Exploring Your Loan OPTIONS
A 30-year fixed rate loan is the most common loan choice and a good choice for many people, but it’s not the only kind of loan available. Depending on your circumstances and goals, you might also want to see if there are other choices that may fit your needs.
Set Your Goals
✔ Gain a basic understanding of your loan options and how they work
✔ Get a sense of current interest rates and how they will affect you
✔ Determine the amount of your down payment
✔ Obtain a pre-approval from a Utah mortgage broker
✔ Shop and find your dream home
Learn about different types of mortgage loans in Utah, such as conventional, FHA, or VA. Decide which loan best fits your needs, a fixed rate mortgage or an adjustable rate mortgage. Is a shorter term or a longer loan term better for you and your goals?
Talk to your Utah mortgage broker about mortgage rates to learn what you may expect to pay, and how different loan options affect rates. For example, you might compare a 30-year fixed rate mortgage against a 15-year fixed rate mortgage to see how the interest rates compare.
You may have already started looking at homes, or you may prefer to explore your loan choices a bit first before getting started looking at new homes.
However, don’t wait until you’ve found a home before you start thinking about your loan options. You want to have a good idea of what kind of mortgage loan is right for you before you make an offer on a new home.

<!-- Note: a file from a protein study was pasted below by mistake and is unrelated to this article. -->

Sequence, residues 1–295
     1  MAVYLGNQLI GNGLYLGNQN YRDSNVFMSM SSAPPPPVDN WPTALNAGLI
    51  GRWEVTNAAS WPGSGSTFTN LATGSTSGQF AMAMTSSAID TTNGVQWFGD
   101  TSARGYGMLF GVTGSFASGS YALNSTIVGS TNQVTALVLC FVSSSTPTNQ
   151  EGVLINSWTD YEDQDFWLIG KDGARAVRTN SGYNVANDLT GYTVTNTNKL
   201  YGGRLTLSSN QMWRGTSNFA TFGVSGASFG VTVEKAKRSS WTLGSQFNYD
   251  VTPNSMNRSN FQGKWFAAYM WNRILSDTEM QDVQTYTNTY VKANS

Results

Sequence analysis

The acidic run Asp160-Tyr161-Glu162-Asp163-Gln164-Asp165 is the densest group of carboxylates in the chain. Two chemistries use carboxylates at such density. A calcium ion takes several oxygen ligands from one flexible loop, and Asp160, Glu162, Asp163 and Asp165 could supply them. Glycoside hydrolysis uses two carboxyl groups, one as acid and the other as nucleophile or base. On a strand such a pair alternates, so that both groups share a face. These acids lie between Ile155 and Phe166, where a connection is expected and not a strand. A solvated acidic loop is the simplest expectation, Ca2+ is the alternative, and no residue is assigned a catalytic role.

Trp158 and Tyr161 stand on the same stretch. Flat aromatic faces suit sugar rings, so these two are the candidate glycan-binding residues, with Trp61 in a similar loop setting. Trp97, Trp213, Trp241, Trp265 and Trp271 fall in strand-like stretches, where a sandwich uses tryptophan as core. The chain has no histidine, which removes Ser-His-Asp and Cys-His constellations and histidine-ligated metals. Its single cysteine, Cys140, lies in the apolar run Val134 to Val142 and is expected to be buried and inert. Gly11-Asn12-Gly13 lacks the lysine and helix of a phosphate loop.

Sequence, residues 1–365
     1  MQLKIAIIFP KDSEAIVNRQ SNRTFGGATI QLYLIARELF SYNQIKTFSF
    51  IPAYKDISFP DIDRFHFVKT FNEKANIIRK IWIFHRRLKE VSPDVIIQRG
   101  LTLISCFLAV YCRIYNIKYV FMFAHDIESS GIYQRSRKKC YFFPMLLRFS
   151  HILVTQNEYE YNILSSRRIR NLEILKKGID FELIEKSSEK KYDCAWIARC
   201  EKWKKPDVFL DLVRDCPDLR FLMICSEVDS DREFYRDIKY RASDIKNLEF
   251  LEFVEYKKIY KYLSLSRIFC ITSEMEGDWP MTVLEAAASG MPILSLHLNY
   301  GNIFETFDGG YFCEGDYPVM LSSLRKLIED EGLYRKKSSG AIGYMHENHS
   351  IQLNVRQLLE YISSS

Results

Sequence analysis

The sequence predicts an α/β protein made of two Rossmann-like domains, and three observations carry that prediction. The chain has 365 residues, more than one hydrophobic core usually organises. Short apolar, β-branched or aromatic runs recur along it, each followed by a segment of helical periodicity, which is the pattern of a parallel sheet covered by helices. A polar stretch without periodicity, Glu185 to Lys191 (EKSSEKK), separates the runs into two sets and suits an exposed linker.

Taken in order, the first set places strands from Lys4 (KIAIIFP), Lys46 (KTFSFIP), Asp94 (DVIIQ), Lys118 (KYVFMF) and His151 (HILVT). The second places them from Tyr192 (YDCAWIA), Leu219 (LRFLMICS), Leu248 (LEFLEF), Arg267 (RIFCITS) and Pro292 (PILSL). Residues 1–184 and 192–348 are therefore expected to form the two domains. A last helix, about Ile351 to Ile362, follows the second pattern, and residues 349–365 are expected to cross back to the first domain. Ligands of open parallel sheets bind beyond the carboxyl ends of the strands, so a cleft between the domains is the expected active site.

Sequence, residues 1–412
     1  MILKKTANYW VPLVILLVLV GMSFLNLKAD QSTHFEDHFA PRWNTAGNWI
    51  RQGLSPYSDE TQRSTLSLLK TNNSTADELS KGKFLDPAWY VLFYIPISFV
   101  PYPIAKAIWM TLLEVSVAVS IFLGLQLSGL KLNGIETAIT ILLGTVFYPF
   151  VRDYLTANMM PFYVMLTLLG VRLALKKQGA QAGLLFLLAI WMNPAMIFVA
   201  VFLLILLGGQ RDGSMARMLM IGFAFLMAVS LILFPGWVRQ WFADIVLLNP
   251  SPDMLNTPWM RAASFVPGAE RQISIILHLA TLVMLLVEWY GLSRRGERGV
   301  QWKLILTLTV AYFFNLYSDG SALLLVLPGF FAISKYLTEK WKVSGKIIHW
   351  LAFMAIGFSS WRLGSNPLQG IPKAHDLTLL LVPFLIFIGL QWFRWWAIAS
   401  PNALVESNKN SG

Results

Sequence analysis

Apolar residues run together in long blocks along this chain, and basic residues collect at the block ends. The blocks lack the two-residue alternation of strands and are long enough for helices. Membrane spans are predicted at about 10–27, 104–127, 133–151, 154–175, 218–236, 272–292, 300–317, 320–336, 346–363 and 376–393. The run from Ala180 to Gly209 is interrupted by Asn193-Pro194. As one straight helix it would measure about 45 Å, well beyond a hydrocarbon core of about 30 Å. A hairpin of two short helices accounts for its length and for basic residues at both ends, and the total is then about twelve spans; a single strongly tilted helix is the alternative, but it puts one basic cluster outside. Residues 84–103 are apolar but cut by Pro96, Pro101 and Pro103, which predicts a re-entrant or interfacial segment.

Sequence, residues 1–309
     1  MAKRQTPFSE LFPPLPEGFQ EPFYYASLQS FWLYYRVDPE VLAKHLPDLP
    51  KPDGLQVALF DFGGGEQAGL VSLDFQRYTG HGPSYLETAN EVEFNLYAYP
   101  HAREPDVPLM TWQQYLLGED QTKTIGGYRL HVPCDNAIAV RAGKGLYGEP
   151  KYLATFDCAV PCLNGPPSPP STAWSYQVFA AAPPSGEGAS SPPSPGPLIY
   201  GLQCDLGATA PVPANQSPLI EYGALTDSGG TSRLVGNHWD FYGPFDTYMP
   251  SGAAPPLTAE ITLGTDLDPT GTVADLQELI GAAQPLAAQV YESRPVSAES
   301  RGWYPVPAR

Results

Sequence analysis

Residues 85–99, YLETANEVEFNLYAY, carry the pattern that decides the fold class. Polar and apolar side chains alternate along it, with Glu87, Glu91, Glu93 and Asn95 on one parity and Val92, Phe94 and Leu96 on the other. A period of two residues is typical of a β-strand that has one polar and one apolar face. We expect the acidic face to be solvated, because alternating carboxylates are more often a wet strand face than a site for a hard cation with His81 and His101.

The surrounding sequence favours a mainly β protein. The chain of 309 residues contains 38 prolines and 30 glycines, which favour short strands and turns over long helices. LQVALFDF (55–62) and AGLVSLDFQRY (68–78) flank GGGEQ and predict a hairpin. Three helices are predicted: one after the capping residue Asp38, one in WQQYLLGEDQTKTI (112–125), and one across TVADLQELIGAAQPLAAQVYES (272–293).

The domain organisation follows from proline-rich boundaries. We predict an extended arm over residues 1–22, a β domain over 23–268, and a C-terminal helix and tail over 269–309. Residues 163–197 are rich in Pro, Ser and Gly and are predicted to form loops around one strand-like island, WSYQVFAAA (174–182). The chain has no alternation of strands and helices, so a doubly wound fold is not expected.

Many homebuyers choose to put less than 20 percent down. When you put less than 20 percent down, you will likely need to pay for mortgage insurance. Mortgage insurance adds to your monthly payment and in some cases your loan costs, but it allows you get a loan you might otherwise be unable to get. Mortgage insurance protects the lender if you fall behind on your payments, which means lenders are more willing to lend to you. Mortgage insurance doesn’t protect you or pay your mortgage for you. Learn more about mortgage insurance and how it works.
Many local cities or counties have down payment assistance grant funds available for first-time homebuyers with low to moderate income.